If the latest NAB Australian business survey is anything to go by, the economy looks set to boom in the months ahead.
In March, the survey’s conditions index jumped to 14.2 points, leaving it at the highest level since before the global financial crisis.
Trading conditions have rarely been better, profitability remains strong, hiring levels firm while lead indicators such as forward orders and capacity utilisation — pointing to activity levels in the future — are also strengthening.
It’s a scenario that would usually signal faster economic growth, an acceleration in employment growth and, courtesy of both, the likelihood of higher interest rate.
Seemingly, things are great, according to the survey.
However, while it says conditions are booming, the survey has consistently been stronger than hard economic data in recent years, suggesting that some degree of caution should be used when interpreting the stellar March result.
These charts from UBS underline the need for caution.
The first overlays the NAB’s business conditions index against real GDP growth.
While the former has been trending higher, currently sitting at levels normally associated with real GDP growth of around 4%, the latter has actually been trending lower, sitting at around half that level.
It’s a similar story for the labour market, with employment intentions in the NAB survey pointing to annual employment growth of around 2%, more than double the current pace reported by the ABS.
Perhaps unusually strong employment growth reported by the ABS in late 2015, which likely overstated the true level of hiring seen during that period, may explain the recent divergence between the two indicators.
However, as this final chart shows, while wages growth in the NAB survey has been turning higher, it’s actually fallen heavily in the official ABS statistics.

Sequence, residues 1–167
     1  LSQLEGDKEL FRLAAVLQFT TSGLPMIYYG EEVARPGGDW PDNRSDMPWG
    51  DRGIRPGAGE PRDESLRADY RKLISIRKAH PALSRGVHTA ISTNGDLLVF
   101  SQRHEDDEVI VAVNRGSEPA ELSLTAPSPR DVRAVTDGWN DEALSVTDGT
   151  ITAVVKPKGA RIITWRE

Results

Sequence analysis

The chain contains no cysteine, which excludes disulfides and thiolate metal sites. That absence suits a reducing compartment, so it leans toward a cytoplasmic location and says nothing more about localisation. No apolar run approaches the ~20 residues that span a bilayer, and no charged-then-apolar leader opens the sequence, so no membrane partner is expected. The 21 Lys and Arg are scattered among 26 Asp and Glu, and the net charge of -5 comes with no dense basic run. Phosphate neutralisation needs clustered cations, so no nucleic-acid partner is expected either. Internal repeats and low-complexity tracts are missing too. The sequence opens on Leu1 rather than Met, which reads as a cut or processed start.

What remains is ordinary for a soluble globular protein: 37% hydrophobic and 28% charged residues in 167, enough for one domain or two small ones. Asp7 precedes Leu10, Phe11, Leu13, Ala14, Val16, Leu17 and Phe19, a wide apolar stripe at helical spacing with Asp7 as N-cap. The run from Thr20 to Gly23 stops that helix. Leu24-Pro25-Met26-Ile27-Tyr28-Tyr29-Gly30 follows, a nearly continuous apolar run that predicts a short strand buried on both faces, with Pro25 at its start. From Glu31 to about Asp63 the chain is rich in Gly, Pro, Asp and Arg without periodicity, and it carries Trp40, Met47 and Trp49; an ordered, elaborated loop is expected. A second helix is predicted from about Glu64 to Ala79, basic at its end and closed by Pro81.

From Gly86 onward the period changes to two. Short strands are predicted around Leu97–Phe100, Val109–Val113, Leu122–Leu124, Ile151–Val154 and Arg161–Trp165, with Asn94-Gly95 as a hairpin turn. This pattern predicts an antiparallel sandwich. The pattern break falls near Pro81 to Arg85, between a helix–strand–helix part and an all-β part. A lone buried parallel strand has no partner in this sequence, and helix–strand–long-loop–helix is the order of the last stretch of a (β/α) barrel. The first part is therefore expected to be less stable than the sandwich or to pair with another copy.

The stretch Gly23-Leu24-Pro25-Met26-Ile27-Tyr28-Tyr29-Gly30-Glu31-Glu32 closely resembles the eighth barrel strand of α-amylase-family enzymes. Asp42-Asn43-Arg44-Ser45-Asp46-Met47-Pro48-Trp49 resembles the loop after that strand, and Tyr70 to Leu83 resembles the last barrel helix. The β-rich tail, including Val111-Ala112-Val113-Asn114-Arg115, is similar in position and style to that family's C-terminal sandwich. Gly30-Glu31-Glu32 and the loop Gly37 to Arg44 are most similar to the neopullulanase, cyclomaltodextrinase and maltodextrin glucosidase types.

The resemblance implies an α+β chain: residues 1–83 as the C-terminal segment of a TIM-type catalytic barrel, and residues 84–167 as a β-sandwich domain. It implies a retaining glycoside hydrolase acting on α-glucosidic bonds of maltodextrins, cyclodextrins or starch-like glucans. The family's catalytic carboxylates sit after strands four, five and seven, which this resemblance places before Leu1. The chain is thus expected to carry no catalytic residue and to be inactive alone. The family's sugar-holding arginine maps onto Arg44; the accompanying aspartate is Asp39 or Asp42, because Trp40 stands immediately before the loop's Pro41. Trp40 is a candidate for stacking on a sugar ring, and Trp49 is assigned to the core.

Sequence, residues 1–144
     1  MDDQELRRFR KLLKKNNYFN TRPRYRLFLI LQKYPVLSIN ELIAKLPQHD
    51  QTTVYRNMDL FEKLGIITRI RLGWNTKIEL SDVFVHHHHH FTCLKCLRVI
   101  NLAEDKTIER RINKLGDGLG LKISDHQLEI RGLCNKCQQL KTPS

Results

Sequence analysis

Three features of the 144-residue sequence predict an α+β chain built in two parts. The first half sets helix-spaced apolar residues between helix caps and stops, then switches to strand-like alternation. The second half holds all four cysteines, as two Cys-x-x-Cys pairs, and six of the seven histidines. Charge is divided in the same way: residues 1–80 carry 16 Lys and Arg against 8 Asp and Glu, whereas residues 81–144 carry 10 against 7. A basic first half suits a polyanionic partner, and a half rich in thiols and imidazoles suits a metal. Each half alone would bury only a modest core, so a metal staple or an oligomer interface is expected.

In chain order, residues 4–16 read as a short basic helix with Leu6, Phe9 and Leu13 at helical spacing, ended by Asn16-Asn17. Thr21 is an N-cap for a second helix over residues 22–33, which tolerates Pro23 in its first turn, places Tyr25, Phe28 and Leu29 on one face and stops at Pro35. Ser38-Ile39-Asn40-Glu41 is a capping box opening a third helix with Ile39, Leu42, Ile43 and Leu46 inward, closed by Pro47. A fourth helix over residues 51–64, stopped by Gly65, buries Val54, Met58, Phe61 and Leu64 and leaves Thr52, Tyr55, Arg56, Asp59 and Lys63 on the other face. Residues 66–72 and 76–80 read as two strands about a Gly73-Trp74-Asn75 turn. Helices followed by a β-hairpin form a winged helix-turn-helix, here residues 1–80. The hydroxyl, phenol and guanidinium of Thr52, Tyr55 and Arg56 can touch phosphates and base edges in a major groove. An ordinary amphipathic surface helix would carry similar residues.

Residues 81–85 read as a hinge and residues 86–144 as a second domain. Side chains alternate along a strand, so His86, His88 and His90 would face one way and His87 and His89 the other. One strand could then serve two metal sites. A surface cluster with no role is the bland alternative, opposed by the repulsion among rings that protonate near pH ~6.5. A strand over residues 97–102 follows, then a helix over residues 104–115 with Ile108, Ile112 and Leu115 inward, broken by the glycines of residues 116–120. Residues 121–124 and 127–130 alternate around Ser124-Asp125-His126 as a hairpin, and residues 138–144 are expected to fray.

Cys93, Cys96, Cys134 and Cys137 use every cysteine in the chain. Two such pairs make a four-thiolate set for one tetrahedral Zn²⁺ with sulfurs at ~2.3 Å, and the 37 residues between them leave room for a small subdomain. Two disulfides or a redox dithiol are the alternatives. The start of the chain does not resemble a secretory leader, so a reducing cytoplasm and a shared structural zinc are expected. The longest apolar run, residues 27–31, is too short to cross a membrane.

That’s not to discount the importance of the NAB survey — it is still seen as the most authoritative guide on trends in Australian business and problems with the ABS labour market indicators are well documented — but as UBS points out, the hard data must start to reflect the improvement in the NAB survey before rate hikes can be seriously discussed.
“Business conditions are arguably in RBA rate hike territory,” says George Tharnou, economist at UBS.
“However, the ‘soft data’ of business conditions have been average or above for the last 2 years, yet the ‘hard data’ of real GDP growth has been stuck trending around a relatively moderate 2.5% year-on-year.
“Indeed, much better reported business conditions have also yet to translate into inflation indicators to the same extent, and hence we still see the RBA on hold ahead.”
Given the strength in the NAB survey it will be interesting to see whether the ‘hard data’ — starting with Australia’s March jobs report released on Thursday — will start to follow suit.
Here’s hoping it will.
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